Movement and Migration SouthTalks begin Feb. 20

Although the year 2020 seems futuristic in and of itself, faculty at the Center for the Study of Southern Culture are looking beyond the present with a scholarly eye to the next 20 years and more.

The Future of the South initiative focuses on the contemporary region and shapes conversations about how it will evolve using innovative approaches to studying the South within the context of the nation, hemisphere, and the globe. Programming in this designation has three elements: the topic has a presence in the curriculum, it figures prominently in the scholarship of at least one Southern Studies faculty member, and it extends itself to a form of community engagement for a broader audience.

“We hope it’s a way for faculty to lift up their own interests and share them with broader audiences,” said Katie McKee, director of the Center and McMullan Professor of Southern Studies and Professor of English.

Several programs are set for this spring.

“The first Future of the South focus we have is movement and migration into and through the United States South,” McKee said.

Simone Delerme, McMullan associate professor of Southern Studies and Anthropology, came up with the movement and migration concept.

“Simone’s idea has each of the three components: a classroom presence, a role in her scholarship about Latinx migration, and a public leaning community engagement piece which culminates in the fall with the Hostile Terrain 94 art installation.”

Delerme’s SST 612 Globalization in the U.S. South class is an interdisciplinary graduate course about globalization in the American South, with an emphasis on migration.

“We will be examining the interconnections that link people and nations economically, politically, and culturally to understand how powerful global forces are shaping local realities and conditions in a variety of southern states,” Delerme said. “Additionally, we will look at the historical antecedents to the current phase of globalization to examine longer historical connections, similarities, and differences between past global exchanges and the most current forms. Each week’s readings will evoke a series of critical questions about place-specific politics, social experiences, and economic relationships in the U.S. South.”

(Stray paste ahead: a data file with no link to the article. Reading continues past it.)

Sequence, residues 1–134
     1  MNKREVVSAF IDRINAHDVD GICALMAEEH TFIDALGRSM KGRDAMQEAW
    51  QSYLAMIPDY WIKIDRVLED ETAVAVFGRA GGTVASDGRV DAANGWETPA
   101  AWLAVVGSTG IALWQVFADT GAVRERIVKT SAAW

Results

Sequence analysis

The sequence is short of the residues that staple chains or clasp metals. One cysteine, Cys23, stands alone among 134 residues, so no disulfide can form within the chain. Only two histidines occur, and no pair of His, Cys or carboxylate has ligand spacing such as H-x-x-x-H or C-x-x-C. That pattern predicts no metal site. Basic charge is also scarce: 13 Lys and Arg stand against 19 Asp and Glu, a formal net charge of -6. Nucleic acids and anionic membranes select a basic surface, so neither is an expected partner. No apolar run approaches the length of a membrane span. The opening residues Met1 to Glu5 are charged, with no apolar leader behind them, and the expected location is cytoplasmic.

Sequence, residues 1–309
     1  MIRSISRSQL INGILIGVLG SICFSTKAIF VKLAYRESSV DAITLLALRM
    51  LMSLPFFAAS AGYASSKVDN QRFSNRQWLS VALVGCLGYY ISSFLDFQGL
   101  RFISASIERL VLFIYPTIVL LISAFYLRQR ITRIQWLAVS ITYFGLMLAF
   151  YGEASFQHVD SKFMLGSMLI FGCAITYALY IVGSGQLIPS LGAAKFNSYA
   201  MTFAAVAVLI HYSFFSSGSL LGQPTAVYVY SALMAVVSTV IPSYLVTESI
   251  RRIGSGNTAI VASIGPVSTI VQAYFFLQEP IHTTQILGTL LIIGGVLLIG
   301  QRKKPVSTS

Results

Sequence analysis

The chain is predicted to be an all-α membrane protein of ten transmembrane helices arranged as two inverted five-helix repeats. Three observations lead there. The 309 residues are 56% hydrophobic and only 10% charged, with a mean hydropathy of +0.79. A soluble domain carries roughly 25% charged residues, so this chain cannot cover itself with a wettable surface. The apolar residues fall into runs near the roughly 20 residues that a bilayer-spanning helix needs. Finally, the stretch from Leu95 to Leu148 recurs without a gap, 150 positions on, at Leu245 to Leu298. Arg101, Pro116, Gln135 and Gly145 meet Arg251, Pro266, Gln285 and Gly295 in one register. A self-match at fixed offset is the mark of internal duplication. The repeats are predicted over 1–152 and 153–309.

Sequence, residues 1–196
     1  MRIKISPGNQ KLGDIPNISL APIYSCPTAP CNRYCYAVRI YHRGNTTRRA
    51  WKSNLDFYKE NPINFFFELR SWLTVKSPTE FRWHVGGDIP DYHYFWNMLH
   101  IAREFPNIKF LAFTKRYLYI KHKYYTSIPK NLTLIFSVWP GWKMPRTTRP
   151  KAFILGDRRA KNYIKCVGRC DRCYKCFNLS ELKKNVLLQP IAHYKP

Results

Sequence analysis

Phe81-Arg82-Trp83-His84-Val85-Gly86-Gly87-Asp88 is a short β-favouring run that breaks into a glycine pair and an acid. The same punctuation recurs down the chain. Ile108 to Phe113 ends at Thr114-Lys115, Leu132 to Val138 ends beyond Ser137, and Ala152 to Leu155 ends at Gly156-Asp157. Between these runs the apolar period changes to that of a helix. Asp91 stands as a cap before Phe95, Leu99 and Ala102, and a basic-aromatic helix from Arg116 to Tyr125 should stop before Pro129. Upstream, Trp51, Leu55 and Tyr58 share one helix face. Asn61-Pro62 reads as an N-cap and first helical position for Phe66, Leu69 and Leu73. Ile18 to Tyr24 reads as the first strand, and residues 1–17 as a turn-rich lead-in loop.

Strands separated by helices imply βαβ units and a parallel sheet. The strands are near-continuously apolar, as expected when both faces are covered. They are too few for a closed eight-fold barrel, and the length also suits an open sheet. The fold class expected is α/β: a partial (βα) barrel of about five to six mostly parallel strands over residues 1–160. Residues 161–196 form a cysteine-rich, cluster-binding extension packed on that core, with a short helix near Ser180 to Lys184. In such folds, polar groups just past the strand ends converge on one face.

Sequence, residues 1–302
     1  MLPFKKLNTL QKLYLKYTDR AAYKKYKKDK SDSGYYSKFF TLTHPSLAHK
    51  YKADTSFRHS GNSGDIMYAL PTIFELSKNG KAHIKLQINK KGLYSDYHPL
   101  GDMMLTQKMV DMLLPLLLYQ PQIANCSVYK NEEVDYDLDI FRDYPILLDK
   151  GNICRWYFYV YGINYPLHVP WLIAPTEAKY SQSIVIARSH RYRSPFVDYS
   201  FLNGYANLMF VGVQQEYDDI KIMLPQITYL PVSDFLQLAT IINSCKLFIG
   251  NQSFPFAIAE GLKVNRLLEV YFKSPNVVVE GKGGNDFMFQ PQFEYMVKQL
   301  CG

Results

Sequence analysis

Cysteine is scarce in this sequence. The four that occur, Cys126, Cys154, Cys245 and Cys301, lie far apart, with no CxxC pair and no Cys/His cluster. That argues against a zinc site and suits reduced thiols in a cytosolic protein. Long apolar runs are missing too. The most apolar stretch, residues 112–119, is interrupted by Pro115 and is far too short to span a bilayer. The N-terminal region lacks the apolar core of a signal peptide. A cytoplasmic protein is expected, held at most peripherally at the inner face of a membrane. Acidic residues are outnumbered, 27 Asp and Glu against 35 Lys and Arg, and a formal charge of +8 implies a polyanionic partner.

One project the class will work on is documenting the migration of Vietnamese refugees to Memphis, Tennessee using a series of articles from the archives of one of the Shelby County public libraries.

The public facing part of the movement and migration idea is the Hostile Terrain 94, a participatory art project sponsored and organized by the Undocumented Migration Project, a non-profit research-art-education-media collective, directed by anthropologist Jason De Leon. The exhibition is composed of 3,200 handwritten toe tags that represent migrants who have died trying to cross the Sonoran Desert of Arizona between the mid-1990s and 2019. These tags are geolocated on a wall map of the desert showing the exact locations where remains were found. This installation will simultaneously take place at 150 locations in 2020 both in the U.S. and across the world.

The University of Mississippi installation is a partnership with the Department of Sociology and Anthropology and will be displayed on the walls of Lamar Hall.

Five SouthTalks will also have a focus on movement and migration, including Keith Cartwright and Dolores Flores-Silva on Feb. 20, Malinda Maynor Lowery on Feb. 26, Leslie Bow on March 4, Delerme on March 18, and Vanesa Ribas on April 15. All events are free and open to the public.

Other professors working on the Future of the South initiative are Jessie Wilkerson with the Invisible Histories project, and Andy Harper and Rex Jones of the Southern Documentary Project using a multimedia class to examine climate change, specifically at the Bonnet Carre spillway.

“We will have a Future of the South speaker Oxford Conference for the Book on April 1,” McKee said. “Maurice Carlos Ruffin will talk about the urgent questions that may face literary artists in the present moment in the South. His novel We Cast a Shadow is futuristic so thinking about the future of the South is not a stretch for him.”

Ruffin will also be at the Southern Foodways Alliance fall symposium, and SFA programming for 2020 is also the Future of the South.

The Future of the South initiative is based on a generous grant provided to the Center by the Hardin Foundation, which shares the Center’s deep investment in the future of Mississippi and the education of all Mississippians.

Written by Rebecca Lauck Cleary. This article originally appeared in the Winter 2020 issue of the Southern Register.